Loss of TANCR abolishes TRAIL expression in Jurkat cells and primary γδ T cell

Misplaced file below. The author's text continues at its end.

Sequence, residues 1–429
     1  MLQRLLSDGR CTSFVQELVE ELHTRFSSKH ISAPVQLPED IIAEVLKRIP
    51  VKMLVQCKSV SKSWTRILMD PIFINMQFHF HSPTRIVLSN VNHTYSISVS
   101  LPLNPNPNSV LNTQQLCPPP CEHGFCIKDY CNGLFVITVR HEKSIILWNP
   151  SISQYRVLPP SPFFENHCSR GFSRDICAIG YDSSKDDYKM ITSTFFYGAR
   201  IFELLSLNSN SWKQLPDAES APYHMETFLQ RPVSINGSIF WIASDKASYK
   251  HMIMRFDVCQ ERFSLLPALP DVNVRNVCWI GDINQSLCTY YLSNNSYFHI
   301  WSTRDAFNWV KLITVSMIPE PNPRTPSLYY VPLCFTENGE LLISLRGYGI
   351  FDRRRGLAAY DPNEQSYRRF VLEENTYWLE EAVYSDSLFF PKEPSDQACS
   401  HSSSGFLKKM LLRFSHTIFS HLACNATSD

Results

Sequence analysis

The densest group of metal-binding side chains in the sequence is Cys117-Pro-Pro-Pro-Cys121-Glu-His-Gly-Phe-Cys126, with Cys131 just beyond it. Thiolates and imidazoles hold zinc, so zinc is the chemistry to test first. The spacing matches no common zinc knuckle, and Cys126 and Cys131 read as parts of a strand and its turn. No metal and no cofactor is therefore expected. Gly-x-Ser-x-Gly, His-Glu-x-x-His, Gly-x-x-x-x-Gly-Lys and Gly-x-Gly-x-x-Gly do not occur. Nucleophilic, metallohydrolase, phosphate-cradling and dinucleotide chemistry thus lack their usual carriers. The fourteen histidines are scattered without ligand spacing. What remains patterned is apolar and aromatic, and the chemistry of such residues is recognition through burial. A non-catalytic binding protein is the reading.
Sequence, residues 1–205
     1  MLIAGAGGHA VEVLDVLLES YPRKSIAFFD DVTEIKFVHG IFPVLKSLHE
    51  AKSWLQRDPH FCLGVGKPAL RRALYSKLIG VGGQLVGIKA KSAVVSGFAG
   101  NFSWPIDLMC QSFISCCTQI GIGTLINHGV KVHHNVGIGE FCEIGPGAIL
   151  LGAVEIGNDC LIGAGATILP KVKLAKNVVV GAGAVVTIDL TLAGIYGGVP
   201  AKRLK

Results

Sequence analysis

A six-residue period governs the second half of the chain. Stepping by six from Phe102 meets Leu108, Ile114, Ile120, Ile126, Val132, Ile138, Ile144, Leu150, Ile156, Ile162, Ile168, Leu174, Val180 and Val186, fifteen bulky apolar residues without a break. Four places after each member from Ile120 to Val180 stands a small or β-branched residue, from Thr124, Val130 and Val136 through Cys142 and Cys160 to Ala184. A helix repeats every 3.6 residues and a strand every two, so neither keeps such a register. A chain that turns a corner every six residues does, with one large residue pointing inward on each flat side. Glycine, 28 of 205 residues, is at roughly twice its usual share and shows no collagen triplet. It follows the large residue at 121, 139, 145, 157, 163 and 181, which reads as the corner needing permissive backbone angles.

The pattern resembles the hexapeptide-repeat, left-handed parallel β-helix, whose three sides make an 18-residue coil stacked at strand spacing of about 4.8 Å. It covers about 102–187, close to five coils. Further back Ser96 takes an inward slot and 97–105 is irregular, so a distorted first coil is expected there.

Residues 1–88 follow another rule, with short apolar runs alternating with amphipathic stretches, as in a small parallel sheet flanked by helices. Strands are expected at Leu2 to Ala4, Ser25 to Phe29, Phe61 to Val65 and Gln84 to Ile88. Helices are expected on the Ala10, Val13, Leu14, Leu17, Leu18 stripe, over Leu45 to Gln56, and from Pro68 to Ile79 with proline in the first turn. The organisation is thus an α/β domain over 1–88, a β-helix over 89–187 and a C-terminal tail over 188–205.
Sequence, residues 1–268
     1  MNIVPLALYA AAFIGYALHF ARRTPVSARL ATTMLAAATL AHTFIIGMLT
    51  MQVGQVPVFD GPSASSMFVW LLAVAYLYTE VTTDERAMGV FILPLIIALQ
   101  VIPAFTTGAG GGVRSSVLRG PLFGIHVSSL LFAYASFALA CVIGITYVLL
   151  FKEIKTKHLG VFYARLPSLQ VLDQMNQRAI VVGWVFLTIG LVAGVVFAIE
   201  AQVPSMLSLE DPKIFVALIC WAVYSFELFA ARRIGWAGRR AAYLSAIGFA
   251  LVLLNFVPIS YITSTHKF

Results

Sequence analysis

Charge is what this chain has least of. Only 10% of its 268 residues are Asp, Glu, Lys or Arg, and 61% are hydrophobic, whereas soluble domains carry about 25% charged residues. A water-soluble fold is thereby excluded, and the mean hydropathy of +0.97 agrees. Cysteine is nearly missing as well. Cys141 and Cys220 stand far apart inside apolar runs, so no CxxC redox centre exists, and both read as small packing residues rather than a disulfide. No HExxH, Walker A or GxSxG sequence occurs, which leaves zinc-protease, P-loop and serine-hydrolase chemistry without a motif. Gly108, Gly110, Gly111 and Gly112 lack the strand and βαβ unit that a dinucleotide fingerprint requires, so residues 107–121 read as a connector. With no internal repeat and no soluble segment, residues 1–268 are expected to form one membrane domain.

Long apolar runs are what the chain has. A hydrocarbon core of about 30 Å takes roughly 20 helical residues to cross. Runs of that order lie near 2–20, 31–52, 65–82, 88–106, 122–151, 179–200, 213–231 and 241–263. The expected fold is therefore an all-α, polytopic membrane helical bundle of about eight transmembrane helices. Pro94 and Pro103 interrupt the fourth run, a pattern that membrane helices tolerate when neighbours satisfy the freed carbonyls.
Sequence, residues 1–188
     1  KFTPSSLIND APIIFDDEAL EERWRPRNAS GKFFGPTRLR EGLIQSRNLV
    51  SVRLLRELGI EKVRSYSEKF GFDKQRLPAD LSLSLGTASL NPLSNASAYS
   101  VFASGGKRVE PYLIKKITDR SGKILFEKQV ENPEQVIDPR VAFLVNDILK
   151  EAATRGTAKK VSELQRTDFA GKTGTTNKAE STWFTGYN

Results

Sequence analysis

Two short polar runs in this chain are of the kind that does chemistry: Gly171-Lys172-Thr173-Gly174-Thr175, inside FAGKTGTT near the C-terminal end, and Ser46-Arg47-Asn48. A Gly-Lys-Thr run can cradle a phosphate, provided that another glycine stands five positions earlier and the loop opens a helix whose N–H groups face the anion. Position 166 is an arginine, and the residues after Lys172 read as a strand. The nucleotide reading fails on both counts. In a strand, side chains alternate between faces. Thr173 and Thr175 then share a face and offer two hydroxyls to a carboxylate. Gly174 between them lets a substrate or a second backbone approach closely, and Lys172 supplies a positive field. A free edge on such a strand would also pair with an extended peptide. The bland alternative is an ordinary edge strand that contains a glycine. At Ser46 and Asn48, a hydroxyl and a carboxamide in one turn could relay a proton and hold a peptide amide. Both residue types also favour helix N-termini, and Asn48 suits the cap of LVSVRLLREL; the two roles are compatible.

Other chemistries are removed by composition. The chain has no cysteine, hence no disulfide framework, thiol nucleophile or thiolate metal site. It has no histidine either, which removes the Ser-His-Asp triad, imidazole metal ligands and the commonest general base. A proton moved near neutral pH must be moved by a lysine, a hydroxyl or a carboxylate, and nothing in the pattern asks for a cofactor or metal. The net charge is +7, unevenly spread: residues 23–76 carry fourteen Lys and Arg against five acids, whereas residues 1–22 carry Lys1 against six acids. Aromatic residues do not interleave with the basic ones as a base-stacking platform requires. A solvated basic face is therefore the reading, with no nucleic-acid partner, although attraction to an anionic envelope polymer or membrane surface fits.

To further confirm the regulation between and TANCR and TRAIL, CRISPR/Cas 9 system was used to knock out TANCR expression in Jurkat cells and primary γδ T cells. CRISPR/Cas 9 vector with GFP was first transduced into Jurkat cells, and the cells expressed high level of Cas 9 (Fig. 8d). Two guide RNAs were then transduced into Jurkat cells with lentivirus system. The results showed that both two guide RNAs could effectively reduce the expression of TANCR in Jurkat cells (Fig. 8e). And a correlation of a reduced expression of TRAIL mRNA and protein was observed with a loss of TANCR expression in Jurkat cells (Fig. 8f, h). Electrophoresis of RT-PCR results also confirmed the downregulation of TRAIL mRNA in the absence of TANCR (Fig. 8g). A vector with Cas9 was first transduced into primary γδ T cells (Fig. 9a). Then a guide RNA mixture (containing guide RNA 1 and guide RNA 2 used in Jurkat cells) with lentivirus was transduced into primary γδ T cells obtained from PBMCs (Fig. 9b). Our result showed that the expression of TANCR was decreased, resulting in a reduction in the expression of TRAIL mRNA and protein (Fig. 9c–e), which consistent with the results in HEK293T cell line and Jurkat cell line. In summary, these evidences demonstrate that TANCR is a noncoding RNA which positively regulates TRAIL expression in γδ T cells in responding to IPP treatment.